by John Lombard
Belconnen Theatre, 7-21 September 2019
Whether it’s Squeaky Fromme pelting John Hinckley with popcorn, John Wilkes Booth coaching Lee Harvey Oswald in fame, or just everyone ducking whenever Sara Jane Moore uses her gun to gesture, it’s a joy to watch this eclectic cult of presidential assassins mingle.
This musical by Stephen Sondheim with the book by John Weidman gives sympathy to the devils, by letting people who’ve tried to shoot the President of the United States sing their side of the story.
Sondheim’s beautiful, elaborate and discordant music evokes a dirty American dream, where rabid desperation explodes in joyful noise: the bang of a gun.
For directors Grant Pegg and Kelly Roberts, this is not a freakshow where we gawk at maniacs, but a funfair where grandiose murder is a last-ditch punt in a crooked game. Pegg and Roberts humanise the assassins through vulnerable moments, whether it’s a confession of love or a plea to be heard.
A Brechtian approach keeps backstage visible and strips the supporting chorus for intimacy and a rawer sound. A fairground setting not only fit the carnival sound in the music but inspired playful clowning from the talented cast. The assassins perform to each other like professional colleagues sharing research findings in a recondite but exciting field.
Jarrad West leads with an accomplished performance as the genteel but deranged patriarch of this infamous club, John Wilkes Booth. Here Booth is a maudlin tempter of weaker souls, beseeching others to bet their life on a spin of the wheel of fortune.
Some assassins are overtly comic: Jim Adamik’s crusty curmudgeon in a Santa suit was a delight, as was Jonathan Rush’s sunny evangelist and Tracy Noble’s gormless innocent abroad. Others are sympathetic, such as Belle Nicol’s Manson-worshiping hippie, or Will Collett’s lovestruck nebbish. Joel Hutchings and Isaac Gordon have striking gravitas as frustrated immigrants, while Pippin Carroll as The Balladeer unites a beautiful voice and a tragic fate.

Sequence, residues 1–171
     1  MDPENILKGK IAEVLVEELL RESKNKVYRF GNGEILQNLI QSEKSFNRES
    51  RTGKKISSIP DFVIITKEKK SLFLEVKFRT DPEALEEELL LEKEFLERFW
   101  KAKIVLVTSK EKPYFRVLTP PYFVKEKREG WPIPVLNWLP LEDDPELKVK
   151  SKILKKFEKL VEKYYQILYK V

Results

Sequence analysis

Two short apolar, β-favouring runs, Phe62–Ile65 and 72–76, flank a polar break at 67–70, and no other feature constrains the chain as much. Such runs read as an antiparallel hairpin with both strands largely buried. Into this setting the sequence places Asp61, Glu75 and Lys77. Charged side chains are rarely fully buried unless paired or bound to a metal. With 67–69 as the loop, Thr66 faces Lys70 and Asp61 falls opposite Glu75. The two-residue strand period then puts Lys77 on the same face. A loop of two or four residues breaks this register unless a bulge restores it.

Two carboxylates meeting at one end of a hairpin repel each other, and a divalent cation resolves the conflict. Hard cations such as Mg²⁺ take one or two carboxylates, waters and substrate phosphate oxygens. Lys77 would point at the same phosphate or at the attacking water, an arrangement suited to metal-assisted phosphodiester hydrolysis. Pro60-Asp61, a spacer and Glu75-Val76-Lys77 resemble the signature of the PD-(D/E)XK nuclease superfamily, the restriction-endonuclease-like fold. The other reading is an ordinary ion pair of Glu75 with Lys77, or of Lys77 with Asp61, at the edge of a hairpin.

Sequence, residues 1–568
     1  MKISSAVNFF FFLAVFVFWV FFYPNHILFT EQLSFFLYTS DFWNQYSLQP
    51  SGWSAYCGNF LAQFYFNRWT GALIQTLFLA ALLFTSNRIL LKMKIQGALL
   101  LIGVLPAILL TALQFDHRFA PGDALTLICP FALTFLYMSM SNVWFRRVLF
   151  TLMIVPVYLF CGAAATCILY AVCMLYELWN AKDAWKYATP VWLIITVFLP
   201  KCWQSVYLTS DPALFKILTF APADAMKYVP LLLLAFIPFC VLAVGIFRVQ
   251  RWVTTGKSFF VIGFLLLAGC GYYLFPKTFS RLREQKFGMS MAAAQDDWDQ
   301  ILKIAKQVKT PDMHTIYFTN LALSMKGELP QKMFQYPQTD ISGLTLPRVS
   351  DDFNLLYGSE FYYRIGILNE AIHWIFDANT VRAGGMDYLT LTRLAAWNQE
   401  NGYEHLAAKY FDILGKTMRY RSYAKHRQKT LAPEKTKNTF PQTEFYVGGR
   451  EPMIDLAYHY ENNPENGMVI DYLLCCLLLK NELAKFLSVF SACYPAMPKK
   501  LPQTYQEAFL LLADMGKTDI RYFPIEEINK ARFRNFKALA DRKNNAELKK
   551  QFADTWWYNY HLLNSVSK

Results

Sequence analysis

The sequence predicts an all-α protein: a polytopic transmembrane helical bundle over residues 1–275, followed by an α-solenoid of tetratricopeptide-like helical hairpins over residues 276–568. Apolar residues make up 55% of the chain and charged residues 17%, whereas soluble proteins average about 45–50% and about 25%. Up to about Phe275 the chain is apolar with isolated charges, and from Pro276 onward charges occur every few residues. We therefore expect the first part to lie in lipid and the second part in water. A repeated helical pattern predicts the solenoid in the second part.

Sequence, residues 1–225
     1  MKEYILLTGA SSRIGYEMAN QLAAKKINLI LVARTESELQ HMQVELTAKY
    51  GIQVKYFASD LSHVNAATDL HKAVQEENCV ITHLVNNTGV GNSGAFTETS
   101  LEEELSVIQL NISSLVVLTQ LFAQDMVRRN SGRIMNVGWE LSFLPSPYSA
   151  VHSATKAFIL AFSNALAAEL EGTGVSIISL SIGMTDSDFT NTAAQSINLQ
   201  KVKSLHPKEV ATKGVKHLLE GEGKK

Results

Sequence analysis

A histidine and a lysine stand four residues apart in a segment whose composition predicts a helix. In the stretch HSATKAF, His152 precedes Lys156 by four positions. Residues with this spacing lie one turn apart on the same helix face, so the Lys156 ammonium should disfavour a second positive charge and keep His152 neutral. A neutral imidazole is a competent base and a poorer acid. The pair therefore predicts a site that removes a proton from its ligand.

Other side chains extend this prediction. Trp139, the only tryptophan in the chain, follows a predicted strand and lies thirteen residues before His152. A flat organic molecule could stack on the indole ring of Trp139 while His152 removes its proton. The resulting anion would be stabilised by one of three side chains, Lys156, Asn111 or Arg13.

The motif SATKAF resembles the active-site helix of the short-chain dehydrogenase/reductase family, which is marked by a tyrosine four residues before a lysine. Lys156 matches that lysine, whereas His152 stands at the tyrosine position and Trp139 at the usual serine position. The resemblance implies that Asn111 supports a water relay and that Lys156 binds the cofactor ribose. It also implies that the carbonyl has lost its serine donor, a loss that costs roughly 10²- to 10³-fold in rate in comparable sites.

While the cast nails the characters, they fall short on Sondheim’s merciless harmonies, although music director Alexander Unikowski’s subtle understanding of the score brought out the powerful contrasts in the music.
The carnie aesthetic begged for circus-like stunts and showmanship, but the focus of the directors was on character comedy.
Even with no interval, this is a brisk show, and not every assassin gets a spotlight moment. Aficionados may lament that we don’t get to see Andrew Jackson whacking Richard Lawrence with a cane, or Theodore Roosevelt soaking up bullets like some Non-Giving-Up President Guy.
In the current political climate, “Assassins” is a mischievous choice to stage. But few will come away from this show thinking that a gunshot can fix their problems. The balance of sympathy, comedy, and tragedy is perfectly judged, with footage of the Kennedy assassination showing the gruesome reality behind the frothy aspirations.
A wonderful production of a resonant but lesser-known musical realised with considerable panache by excellent actors.
For tickets and details visit canberraticketing.com.au